Opinion: For better or worse, it’s not like the movies

COVID-19 has left much of humanity in a fear filled lockdown (some literal and some metaphorical) across the globe. I always wondered what the world would be like should a pandemic hit. I always thought it would be something like zombies. However, I never gave much attention to the tiny details in life. For example, toilet paper. In my mind, there’s always a roll when I need it. It was quite shocking to see people panic about toilet paper so strongly. 

I didn’t think about stores being empty. In the movies, the grocery store was a golden land. A few strangling zombies here and there but the shelves were always stocked. Walking through the empty aisles at every store was a surreal feeling. 

Madison Hummer

Staying ‘quarantined’ is strangely more alive than the movies, however. People are creating more, now that they have nothing but time on their hands. I have seen countless projects started and finished, art works, writing pieces, and recipes. 

For the most part, my everyday life hasn’t changed. It feels like I’m on summer vacation taking online classes. The biggest and only thing that’s missing is Jummah namaaz

Every Friday, Muslims gather at the masjid for a khutba, a speech, and pray Jummah namaaz. The quarantine and fear of disease has led the imam to make the decision to refrain people from coming to Jummah. Jummah needs a minimum of three people to count as a valid prayer, however, that means the rest of the community cannot attend Jummah prayer. 

Jummah namaaz is a very important prayer for Muslims. It’s said that the angels on our right and left shoulders, recording our good and bad deeds, return to Jannah to store their books and bring down new ones. This means we both get a fresh start for the week, and our deeds from the previous week are being weighed. In the end, it’s these books that determine whether or not we enter Jannah or not. 

With Jummah namaaz canceled, local Muslims miss their opportunity to socialize with one another, to check in each other’s health and wellbeing, and to pray together. Some local families are being cautious and hosting small Jummahs at their houses. This way, the men, upon whom the Jummah namaaz is fard, mandatory, can attend. The women however, have no such opportunity.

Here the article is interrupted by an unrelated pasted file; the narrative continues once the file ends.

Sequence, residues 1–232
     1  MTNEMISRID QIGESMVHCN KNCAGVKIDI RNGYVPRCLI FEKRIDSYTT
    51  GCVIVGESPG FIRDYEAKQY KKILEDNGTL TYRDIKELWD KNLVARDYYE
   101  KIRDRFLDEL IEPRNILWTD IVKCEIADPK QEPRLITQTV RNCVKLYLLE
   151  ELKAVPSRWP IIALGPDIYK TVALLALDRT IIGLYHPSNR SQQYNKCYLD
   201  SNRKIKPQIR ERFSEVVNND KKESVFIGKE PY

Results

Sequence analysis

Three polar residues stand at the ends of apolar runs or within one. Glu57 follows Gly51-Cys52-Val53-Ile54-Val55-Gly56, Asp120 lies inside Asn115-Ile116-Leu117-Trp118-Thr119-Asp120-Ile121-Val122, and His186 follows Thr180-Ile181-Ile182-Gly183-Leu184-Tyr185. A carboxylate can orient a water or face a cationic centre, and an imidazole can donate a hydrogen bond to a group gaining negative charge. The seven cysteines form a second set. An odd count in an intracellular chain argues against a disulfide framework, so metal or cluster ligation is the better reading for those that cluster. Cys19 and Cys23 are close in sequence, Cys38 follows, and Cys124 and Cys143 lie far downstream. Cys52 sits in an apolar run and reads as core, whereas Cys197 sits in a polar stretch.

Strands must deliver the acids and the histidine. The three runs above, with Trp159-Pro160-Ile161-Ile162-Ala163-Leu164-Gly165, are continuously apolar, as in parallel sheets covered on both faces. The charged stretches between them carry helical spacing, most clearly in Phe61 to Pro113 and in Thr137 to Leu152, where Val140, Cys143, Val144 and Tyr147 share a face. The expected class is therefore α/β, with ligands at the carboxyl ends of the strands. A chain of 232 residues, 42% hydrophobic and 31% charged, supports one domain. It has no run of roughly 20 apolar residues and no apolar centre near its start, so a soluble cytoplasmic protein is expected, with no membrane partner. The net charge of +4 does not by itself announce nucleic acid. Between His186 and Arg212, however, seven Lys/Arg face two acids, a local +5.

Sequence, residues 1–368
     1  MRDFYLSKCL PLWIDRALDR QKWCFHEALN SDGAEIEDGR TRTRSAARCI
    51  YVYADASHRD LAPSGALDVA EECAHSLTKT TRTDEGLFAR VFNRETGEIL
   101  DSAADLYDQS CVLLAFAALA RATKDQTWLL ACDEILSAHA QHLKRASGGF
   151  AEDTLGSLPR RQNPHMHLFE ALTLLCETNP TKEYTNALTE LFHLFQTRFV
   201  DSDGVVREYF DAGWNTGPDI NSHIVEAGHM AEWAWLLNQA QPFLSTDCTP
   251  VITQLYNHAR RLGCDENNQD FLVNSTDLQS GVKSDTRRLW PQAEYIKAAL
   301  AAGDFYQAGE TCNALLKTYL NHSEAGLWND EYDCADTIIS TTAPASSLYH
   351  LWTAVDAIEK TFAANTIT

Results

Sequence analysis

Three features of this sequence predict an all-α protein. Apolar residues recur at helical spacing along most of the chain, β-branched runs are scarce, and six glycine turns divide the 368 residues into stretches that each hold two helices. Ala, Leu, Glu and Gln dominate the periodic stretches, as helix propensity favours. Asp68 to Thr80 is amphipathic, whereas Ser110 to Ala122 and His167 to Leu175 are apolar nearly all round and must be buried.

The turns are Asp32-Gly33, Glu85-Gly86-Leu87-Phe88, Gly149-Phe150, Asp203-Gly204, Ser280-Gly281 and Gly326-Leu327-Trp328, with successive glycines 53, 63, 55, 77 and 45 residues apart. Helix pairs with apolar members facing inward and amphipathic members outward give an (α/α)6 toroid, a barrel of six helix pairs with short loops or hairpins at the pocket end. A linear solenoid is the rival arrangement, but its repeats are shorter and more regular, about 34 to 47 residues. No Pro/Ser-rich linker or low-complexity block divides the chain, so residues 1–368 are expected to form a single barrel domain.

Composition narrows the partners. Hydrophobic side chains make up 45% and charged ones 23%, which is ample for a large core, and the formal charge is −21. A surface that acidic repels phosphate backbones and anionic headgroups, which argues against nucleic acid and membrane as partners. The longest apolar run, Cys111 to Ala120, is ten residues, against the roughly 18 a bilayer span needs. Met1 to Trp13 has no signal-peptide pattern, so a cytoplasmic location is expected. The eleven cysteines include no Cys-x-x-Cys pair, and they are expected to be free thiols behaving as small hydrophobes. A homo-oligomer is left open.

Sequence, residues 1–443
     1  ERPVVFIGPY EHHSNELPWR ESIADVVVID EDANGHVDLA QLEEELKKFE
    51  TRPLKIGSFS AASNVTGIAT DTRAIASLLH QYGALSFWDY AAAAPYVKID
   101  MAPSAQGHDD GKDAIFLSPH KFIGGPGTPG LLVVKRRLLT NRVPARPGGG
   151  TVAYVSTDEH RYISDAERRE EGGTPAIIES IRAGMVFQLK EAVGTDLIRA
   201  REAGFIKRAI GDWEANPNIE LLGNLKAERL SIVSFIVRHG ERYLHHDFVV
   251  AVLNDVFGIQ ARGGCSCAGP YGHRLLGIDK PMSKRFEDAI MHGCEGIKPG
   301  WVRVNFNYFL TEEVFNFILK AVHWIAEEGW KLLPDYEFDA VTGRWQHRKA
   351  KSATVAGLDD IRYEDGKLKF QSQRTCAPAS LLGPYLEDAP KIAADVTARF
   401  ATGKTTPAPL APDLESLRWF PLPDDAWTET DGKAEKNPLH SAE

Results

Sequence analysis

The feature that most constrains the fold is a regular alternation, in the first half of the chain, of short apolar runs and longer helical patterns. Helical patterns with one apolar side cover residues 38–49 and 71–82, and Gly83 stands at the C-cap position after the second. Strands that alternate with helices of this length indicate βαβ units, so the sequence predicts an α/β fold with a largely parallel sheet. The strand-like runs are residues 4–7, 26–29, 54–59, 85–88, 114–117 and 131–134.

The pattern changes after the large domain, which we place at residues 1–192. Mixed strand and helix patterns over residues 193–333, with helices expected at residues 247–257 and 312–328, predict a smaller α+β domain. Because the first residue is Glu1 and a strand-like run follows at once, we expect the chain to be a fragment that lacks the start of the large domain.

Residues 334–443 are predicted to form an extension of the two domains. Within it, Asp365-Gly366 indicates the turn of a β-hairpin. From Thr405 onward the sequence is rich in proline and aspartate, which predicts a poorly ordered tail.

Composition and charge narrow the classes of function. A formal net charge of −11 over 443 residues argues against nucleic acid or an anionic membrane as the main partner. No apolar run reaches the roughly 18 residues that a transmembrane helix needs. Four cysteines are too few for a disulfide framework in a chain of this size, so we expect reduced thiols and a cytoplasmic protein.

In Islam it is taught to us that in times of plague, we must take the necessary precautions to avoid getting the plague and spreading it to others. In times like these, travel is banned, contact is limited, and cleanliness is amplified. If a Muslim fears that they are sick, they are advised to isolate for a given amount of time until the illness has run its course, or unfortunately, they pass away. This way the disease can not be spread further. This does not mean, however, that people shouldn’t take medication or seek medical attention. In an Islamic point of view, all precautions should be taken to prevent and heal from ailments alongside prayer. Prayer alone is not going to work.

The modern rules of quarantine are identical to the Quranic rules. For Muslims, this is a sign in the surety of our religion. President Trump wants to restart the economy by Easter in two weeks. He has been advised against this by countless doctors and medical health experts. He said, “I would love to have the country opened up and raring to go by Easter. You’ll have packed churches all over our country. I think it will be a beautiful time.” This is both irrational, and a horrifically dangerous message to convey to Americans. It undermines the severity of the virus. According to the CDC, America is now at 85,000 cases with 1,200 resulting deaths. 

If the country does prematurely open, the best we can do is stay clean.